The Music Industry: Then and Now

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By: Kyle Jennings

Today, everything is digital; music is no exception.  The music industry is almost entirely online. Yesterday’s Walkman is replaced by today’s iPhone.  Record stores are out, streaming services are in.  Streaming services make music easy to access, even while on-the-go.

Record labels and publishing companies are closing in increasing numbers.  Traditionally, labels provided artists with start-up money, marketing and production.  Artists today can record music themselves easily and inexpensively. They distribute music and gain audience through social media.

New music is always accessible today.  Streaming apps recommend songs based on the subscriber’s prior listening experience.  Twenty years ago, to hear new songs, fans had to hear it on the radio.  Or, they bought an album based on the performer.

How music is sold and priced changed significantly.  In 1991, a popular album such as R.E.M.’s Out of Time sold for $19.  In the early 2000s, iTunes and other downloadable music sites took over.  Listeners could purchase individual songs for an average price of about $1.29 instead of the entire album.  After Spotify’s release in 2008, purchases declined further.  Subscribers listen to their personal playlists.

Consumers demand free music.  While streaming services can be free, playback is interspersed with ads.   Spotify, the largest music-streaming service, charges a $10 monthly subscription fee to eliminate ads.  Despite this low fee, 57% of Spotify’s 140 million active users pay no fee.

Industry experts believe streaming saved music.  The internet which once harmed music with pirating is now the largest source of revenue.  The industry struggled before two separate lawsuits settled in 2000 halted Napster and other peer-to-peer sharing sites from providing illegal music downloads.  Since then, streaming companies, such as Spotify and Apple Music, have emerged and taken control of music.  In 2016, industry revenues grew for the second consecutive year; the first such consecutive increase since 1999.  The decrease in sales of music to individuals is more than offset by the increase in streaming revenues.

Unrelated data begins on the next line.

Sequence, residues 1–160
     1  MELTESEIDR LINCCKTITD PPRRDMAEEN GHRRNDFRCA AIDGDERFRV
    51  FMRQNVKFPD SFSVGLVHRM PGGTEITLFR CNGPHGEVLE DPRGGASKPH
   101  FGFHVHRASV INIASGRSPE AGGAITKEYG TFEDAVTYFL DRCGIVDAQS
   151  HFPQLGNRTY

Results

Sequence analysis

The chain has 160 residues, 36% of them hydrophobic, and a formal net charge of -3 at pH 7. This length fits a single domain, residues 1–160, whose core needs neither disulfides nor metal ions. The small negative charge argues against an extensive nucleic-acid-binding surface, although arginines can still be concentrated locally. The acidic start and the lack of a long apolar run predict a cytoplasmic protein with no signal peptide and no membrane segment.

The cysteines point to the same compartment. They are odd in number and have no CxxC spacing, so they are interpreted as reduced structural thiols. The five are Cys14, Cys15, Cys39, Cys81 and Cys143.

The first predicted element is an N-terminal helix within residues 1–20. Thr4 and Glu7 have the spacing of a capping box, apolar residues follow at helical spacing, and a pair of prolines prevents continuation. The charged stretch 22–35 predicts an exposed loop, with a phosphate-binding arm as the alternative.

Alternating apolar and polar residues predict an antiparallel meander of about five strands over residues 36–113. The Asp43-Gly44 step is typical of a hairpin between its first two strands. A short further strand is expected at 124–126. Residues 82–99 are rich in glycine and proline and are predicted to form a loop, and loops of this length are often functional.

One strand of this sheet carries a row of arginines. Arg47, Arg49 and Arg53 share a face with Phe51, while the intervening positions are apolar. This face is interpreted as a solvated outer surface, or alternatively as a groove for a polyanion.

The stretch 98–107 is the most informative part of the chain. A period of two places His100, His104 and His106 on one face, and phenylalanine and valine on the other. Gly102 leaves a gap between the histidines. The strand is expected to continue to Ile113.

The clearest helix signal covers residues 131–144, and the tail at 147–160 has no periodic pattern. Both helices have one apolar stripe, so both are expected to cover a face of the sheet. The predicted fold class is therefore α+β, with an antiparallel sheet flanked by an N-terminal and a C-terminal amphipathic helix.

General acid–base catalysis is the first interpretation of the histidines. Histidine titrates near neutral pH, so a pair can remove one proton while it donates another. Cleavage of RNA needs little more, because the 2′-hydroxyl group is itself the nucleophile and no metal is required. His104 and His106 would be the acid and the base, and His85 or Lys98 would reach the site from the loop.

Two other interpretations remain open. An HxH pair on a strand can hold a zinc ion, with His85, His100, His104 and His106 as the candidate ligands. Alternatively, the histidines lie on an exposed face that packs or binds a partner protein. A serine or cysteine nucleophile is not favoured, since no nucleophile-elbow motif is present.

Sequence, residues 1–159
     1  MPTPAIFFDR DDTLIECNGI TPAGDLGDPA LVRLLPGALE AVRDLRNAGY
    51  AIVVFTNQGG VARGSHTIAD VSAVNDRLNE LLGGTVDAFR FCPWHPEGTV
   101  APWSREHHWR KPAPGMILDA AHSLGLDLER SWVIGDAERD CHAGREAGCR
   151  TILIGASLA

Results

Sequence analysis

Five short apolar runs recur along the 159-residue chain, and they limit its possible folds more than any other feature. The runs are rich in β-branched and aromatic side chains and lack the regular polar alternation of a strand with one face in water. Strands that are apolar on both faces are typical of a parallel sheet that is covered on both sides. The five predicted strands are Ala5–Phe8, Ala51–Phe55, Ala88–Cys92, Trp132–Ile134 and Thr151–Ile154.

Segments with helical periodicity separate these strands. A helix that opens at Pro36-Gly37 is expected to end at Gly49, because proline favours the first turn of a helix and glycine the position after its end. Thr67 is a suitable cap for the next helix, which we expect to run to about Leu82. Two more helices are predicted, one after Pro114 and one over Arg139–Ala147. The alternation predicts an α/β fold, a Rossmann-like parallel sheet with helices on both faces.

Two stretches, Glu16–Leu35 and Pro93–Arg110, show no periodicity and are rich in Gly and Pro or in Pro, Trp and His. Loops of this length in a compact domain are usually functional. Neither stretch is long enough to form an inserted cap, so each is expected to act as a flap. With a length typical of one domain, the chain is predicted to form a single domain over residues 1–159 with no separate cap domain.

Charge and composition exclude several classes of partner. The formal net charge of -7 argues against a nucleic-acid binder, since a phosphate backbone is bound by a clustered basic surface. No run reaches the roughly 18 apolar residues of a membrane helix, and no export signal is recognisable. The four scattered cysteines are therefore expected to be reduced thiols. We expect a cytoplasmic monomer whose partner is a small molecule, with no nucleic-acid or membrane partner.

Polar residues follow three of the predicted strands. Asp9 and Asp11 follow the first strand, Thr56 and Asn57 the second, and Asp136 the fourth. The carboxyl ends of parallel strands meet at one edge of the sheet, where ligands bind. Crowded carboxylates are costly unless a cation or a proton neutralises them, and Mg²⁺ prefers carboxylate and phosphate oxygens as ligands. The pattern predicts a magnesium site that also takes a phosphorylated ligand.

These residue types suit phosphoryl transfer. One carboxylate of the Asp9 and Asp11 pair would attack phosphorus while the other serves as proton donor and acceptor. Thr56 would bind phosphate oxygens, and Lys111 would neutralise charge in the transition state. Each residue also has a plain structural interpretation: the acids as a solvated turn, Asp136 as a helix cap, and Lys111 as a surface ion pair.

Artists believe streaming devalues their work.  In past years, artists received royalties from album sales on CD, vinyl or other media.  Artists receive comparatively little revenue from streaming services.  According to The American Society of Composers, Authors and Publishers (ASCAP) which collects and processes royalties for artists, the average royalty songwriters earn for a song streamed a million times on the major audio streaming services is only about $125.  Royalty rates range from $0.0006 to $0.0167 per play.  In 1990, artists received 9.1 cents for every song sold.

In December 2015, the Copyright Royalty Board (CRB) set new streaming-music rates for 2016 at 17 cents per 100 plays on free, ad-supported services and 22 cents on subscription-based platforms. It does not apply to platforms like giants Spotify and Apple Music which allow subscribers to create playlists.

The music industry and YouTube are at odds.  Many stream music on YouTube, yet there is a “value gap” between what YouTube earns in advertising and the royalties it pays.  YouTube paid the music industry $1 billion in 2016, a little over $1 per user.  Spotify paid record labels an estimated $18 per user in 2015.  YouTube counters it generates revenue from users who would not pay for a subscription streaming service.  This is not satisfactory to the music industry.

As royalties from music sales decline, more artists are turning to live performances for income.  Ray Waddell, at Oak View Group, a live-business consultancy and development company, claimed: “It used to be that you toured to help sell the record, now the record helps support the tour.”

There is no better time to be a music fan.  The music industry continues to evolve; it will be exciting to see what new directions it will take next.